10

There are the "normal" straight quotes:
' "

And you have the angled "smart quotes":
‘ ’ “ ”

Vim's spellcheck works with "straight" quotes, but not angeled quotes, so this is considered "wrong":
It’s ... Monty Python’s

Even though it's not.

Screenshot, in case your font doesn't show the difference:

enter image description here

How do I fix this? I would prefer to get it working for both variants (it's and it’s).

6
$ grep "'" /usr/share/dict/words | wc -l
26226
$ grep -i python /usr/share/dict/words
Python
Python's
python
python's
pythons

The problem is that all these words with apostrophes are actually in your dictionary file. So if you're okay with modifying your vim spelling dictionary, then do so:

$ grep "'" /usr/share/dict/words | sed "s/'/’/g" >> ~/.vim/spell/en.utf-8.add

This will

  • grep to find all words in your system dictionary that contain an apostrophe (');
  • sed to change the straight quotes to smart quotes (that's s/'/’/g, where the first quote is straight and the second is smart); and
  • append it to your language dictionary (replace with whatever your language is).

You will need to recompile this to a .spl file, which you can do from Vim:

:mkspell! ~/.vim/spell/en.utf-8.add

If you want to use the actual spell files that Vim uses as a starting place (instead of your system dictionary), you can use the :spelldump command. The output will include all the words Vim uses for the current spelllang, including those already added from the .add file. Save the result of :spelldump to a file and remove the first two lines (header info), then use the same commands as above. You may also want to pipe it through uniq as well, to remove duplicate entries. (No need to sort; the output of :spelldump is already sorted.)

  • Why do you use 's as a pattern? Isn't just searching for ' correct, asl well? This will miss words that have a ' in a different location (such as you'd, you've, etc.) – Martin Tournoij Feb 5 '15 at 17:44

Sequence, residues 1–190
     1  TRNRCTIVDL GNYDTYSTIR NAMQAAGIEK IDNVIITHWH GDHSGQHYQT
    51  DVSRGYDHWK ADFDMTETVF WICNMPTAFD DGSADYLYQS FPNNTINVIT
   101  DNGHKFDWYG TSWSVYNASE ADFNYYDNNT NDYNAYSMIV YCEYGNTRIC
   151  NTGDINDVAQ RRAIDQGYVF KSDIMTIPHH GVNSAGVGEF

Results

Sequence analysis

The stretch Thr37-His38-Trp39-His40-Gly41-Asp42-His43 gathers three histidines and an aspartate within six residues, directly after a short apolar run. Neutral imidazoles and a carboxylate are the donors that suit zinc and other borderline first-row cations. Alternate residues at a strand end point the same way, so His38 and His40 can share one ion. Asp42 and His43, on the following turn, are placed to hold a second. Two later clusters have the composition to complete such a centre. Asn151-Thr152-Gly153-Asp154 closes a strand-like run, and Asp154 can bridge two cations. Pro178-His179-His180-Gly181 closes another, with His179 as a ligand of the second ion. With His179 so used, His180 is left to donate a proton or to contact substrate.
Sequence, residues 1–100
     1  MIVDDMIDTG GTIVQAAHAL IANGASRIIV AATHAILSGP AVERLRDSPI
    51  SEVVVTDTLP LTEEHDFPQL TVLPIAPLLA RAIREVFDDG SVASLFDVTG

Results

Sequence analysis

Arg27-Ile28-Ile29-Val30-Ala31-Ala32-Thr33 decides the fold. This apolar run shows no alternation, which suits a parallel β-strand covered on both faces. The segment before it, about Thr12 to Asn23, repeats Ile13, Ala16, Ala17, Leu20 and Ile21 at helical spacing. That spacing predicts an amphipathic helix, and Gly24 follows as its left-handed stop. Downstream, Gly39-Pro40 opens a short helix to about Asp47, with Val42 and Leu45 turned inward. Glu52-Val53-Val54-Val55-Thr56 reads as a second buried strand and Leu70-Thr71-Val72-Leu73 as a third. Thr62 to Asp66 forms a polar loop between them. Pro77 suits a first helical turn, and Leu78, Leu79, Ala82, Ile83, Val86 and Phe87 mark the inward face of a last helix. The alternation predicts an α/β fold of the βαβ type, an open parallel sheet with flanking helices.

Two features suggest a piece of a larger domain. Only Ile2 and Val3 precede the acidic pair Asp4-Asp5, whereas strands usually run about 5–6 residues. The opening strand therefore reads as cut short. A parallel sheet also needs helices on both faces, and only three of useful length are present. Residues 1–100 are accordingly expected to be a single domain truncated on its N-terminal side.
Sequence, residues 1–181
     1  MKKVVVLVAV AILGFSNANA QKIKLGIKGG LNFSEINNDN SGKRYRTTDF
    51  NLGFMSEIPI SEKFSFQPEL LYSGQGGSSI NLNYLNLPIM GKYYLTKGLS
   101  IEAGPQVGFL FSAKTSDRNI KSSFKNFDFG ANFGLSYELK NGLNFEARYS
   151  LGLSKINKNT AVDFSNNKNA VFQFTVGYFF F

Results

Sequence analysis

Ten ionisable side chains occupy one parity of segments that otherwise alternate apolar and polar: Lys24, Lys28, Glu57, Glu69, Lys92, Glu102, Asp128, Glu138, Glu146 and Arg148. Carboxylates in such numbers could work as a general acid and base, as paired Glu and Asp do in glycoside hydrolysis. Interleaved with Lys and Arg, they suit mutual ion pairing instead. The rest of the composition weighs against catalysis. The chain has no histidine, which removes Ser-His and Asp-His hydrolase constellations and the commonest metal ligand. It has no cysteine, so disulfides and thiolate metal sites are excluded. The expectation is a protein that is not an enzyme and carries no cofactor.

• Yep, you're right. I've edited my answer. – wchargin Feb 5 '15 at 19:52
  • Thanks :-) I wasn't sure if you did that with a reason, so was hesitant to edit it myself... – Martin Tournoij Feb 5 '15 at 20:01
  • If you choose to go the :mkspell! route, you may also want to filter out words that are intended for irrelevant regions. – Aaron Massey Apr 19 '15 at 22:57
1

As of now, you can simply download and compile a new spell file for the VIM. The Unicode quotes were added to the current version of the English dictionary.

Steps, based on this article:

  1. Create directory ~/.vim/spell and change to it. (The path is part of VIM's runtimepath.)

  2. For English language, the dictionary can be downloaded here. (Alternatively: from LibreOffice repo - you need both .dic and .aff files.)

    N.B. For better results, I would recommend getting both en_US and en_GB. en_GB dictionary could be found in the LibreOffice repo.

  3. Unzip the file:

    unzip -x hunspell-en_US-2017.01.22.zip
    

    The archive must at least contain these files: en_US.aff and en_US.dic.

  4. Start VIM (in the ~/.vim/spell directory) and in VIM execute the command: :mkspell! en en_US

    Or if you have also downloaded en_GB files: :mkspell! en en_US en_GB

  5. Exit VIM, and check the files in the current directory. There should be file en.utf-8.spl created.

  6. Done!

Now, after you start VIM and activate the spell-checking for English language, it should first pick the freshly created .spl file from ~/.vim/spell which already contains support for the Unicode quotes. At least that how it worked for me.

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